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Transparent background is leaving unwanted outlines around image


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Hi,

 

I'm trying to create a texture of a latticed wooden fence for a community video game map but am getting weird outlines around the non-transparent parts, see pic at bottom.

 

What I'm currently doing is this;

- import the .png file

- create a new empty layer, fill the background with black and then set the opacity to 1

- Merge the layers and then export as a .tga file

 

I asked around a discord server on what to try out and got the following advice however I have no idea what this is asking me to implement / how to go about it;

"The trick is to paint the background the same color as the fence. So you need to have the transparency mask on the alpha channel and export as a .tga"

 

Note: The top left part of the image is what it looks like in paint.net, the top right is from the games texture browser after I've imported it and the bottom is from ingame

 

lattices_lowres.jpg.996d064e641fb06c6361145cf9dd0651.jpg

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Hello @Maharero and welcome :)

 

I would use this plugin called AA's Assistant on the initial lattice image first.  I always use this plugin on every step when making something, and even do it at the end too.  But, it's important to do your work on a new layer, until you have everything just right, then flatten the image.

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1 hour ago, ardneh said:

If you place the original lattice .png above a full opacity black layer, is the white outlining visible?
 

There's no more white outlines after doing that which shows that there's no native white colouring in the image itself, it gets added somewhere throughout the process. I've attached a pic that shows how it looks like in the game editor. I'm starting to think that the artifacts may be getting introduced by the other program I use that converts the paint.net exported .tga file into a material format that the game requires (I'm using VTFEdit to create .vmt files for the source engine). In that case I might have to go an alternate route and actually model the lattices themselves (time consuming because it's curved).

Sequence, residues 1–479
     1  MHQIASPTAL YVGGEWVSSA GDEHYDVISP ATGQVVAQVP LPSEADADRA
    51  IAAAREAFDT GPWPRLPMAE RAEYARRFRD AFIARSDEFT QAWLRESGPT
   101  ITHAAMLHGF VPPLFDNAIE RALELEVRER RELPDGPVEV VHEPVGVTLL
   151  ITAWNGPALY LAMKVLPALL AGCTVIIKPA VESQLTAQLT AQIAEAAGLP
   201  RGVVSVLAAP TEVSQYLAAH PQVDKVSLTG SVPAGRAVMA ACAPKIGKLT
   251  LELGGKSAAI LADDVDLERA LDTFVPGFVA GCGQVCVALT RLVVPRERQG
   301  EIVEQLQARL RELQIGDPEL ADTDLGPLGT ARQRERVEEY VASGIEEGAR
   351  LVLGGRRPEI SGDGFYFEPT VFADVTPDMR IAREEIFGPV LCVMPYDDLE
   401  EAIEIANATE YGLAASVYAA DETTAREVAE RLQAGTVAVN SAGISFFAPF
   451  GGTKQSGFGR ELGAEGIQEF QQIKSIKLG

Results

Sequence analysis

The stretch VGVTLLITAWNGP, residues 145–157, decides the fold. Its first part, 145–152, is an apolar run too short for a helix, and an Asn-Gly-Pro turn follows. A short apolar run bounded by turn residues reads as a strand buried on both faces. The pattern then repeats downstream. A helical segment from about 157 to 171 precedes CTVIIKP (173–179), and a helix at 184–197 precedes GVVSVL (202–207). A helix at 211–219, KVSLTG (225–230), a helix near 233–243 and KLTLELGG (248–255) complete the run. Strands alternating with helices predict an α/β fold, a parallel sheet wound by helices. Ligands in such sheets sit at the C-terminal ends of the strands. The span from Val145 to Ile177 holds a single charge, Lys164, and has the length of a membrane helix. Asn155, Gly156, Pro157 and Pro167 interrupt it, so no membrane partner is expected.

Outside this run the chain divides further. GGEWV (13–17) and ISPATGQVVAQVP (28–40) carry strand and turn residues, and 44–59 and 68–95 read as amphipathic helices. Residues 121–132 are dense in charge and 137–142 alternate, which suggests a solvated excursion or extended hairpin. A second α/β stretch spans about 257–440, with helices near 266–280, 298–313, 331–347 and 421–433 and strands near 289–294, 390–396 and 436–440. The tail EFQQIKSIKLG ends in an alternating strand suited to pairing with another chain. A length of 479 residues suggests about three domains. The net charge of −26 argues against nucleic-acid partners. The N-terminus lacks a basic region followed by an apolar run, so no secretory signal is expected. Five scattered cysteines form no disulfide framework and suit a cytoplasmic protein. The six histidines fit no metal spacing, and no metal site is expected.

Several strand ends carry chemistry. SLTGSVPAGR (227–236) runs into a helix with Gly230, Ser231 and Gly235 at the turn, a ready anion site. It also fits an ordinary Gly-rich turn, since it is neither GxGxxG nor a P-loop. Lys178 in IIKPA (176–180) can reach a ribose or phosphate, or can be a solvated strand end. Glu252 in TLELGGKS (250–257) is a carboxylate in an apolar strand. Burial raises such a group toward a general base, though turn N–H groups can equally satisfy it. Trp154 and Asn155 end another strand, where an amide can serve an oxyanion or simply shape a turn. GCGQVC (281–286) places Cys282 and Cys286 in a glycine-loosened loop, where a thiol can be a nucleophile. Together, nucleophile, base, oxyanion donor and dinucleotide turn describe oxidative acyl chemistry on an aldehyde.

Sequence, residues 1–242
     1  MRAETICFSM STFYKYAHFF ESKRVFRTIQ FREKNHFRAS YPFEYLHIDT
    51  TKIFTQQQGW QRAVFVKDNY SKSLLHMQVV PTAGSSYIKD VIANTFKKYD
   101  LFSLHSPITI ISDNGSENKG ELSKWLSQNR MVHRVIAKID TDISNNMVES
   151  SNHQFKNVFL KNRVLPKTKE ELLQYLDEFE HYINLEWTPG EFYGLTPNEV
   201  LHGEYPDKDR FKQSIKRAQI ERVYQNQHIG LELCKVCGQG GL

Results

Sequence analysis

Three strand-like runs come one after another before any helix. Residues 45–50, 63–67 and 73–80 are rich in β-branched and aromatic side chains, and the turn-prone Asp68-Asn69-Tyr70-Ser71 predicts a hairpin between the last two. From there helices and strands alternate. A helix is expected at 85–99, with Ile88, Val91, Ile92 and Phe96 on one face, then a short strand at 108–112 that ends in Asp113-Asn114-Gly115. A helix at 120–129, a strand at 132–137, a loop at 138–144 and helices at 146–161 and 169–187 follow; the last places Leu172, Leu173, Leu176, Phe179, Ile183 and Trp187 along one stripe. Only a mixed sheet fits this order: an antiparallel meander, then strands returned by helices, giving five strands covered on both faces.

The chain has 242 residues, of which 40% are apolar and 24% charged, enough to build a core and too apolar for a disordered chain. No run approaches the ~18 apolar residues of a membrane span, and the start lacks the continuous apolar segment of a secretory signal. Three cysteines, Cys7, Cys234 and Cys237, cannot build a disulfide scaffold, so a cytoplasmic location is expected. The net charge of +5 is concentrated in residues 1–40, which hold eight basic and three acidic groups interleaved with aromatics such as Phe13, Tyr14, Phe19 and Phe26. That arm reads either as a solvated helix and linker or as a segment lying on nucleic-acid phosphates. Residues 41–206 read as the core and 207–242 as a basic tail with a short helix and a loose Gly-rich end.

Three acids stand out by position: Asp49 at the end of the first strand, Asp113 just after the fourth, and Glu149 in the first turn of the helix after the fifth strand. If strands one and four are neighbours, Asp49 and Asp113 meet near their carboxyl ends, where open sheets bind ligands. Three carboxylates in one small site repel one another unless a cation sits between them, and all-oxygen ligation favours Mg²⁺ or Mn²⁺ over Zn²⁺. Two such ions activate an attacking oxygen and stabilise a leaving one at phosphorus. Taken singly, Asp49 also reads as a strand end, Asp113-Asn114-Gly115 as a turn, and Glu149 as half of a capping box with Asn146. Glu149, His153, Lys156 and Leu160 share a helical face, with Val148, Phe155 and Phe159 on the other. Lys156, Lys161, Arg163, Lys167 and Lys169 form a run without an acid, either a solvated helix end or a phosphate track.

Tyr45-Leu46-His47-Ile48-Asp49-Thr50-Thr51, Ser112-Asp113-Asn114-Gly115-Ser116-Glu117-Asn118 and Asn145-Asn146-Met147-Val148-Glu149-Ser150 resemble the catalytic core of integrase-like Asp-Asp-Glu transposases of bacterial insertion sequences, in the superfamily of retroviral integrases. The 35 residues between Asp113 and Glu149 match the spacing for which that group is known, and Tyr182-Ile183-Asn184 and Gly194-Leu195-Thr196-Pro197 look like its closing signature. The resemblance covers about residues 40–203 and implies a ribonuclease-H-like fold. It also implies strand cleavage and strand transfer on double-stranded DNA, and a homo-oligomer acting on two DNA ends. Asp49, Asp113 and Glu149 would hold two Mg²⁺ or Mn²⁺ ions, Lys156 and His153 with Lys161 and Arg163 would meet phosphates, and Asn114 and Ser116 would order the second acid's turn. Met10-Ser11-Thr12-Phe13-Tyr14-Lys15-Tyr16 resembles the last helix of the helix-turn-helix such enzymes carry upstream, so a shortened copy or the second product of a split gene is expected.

Quote

I would use this plugin called AA's Assistant on the initial lattice image

I'm new to paint.net so havent used any external plugins yet so thanks for the link. I tried what you recommended but unfortunately I still had the same issues, like I mentioned above I'm starting to think that the issue doesnt lie with how im using paint.net. I'm at least learning new things by doing this so its not a complete waste of time 😃

 

Thank you both for the help

no_transparency.jpg

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2 hours ago, MJW said:

If it's the same issue as the previous thread, it's actually a bug in the game, which is mishandling transparency

 

 

Thanks for linking that thread - it's definitely the same issue that I'm encountering.

 

I've used your plugin, the manual method mentioned in that thread, and also installed and tried out GIMP as that poster suggested it worked by default and all 3 methods failed me. At this point I'm convinced it's a limitation of the game engine when it comes to these types of transparent textures. Cheers everyone for the help

 

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22 minutes ago, Maharero said:

I've used your plugin, the manual method mentioned in that thread, and also installed and tried out GIMP as that poster suggested it worked by default and all 3 methods failed me.

 

One thing worth trying, just to help figure out what's going on, is to read the .tga file back into Paint.NET, then use the Color Picker tool to sample the transparent area. I'm wondering if perhaps even though the transparent pixels are changed to transparent black in PDN (or Gimp), they're changed back to transparent white when they're saved in the file. Does the program accept any other file formats you could try instead of .tga?

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I've confirmed with the color picker tool before exporting that the transparent pixels were changed to black, then exported it to a .tga, then imported it again to check the transparency. It was still transparent black after importing so the conversion did not change things.

 

It's considered best practice by the community to use .tga for the program im using however it also accepts other formats. Unfortunately I still get the same issue if I use the default .png filetype for the program instead of a converted .tga version.

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This might just be incorrect alpha blending/compositing in the game engine. It may even be treating the pixels as being premultiplied, which will definitely cause colors to appear the wrong shade but with the right alpha. Many drawing/rendering frameworks let you interpret 32-bit BGRA pixels as either straight or premultiplied without any warnings or conversions needed (it's implicit, in other words). It's very easy to get this wrong at any point in your pipeline.

 

For example: in straight alpha, (128, 128, 128, 128) is gray at ~50% alpha. In premultiplied, it's white at ~50% alpha.

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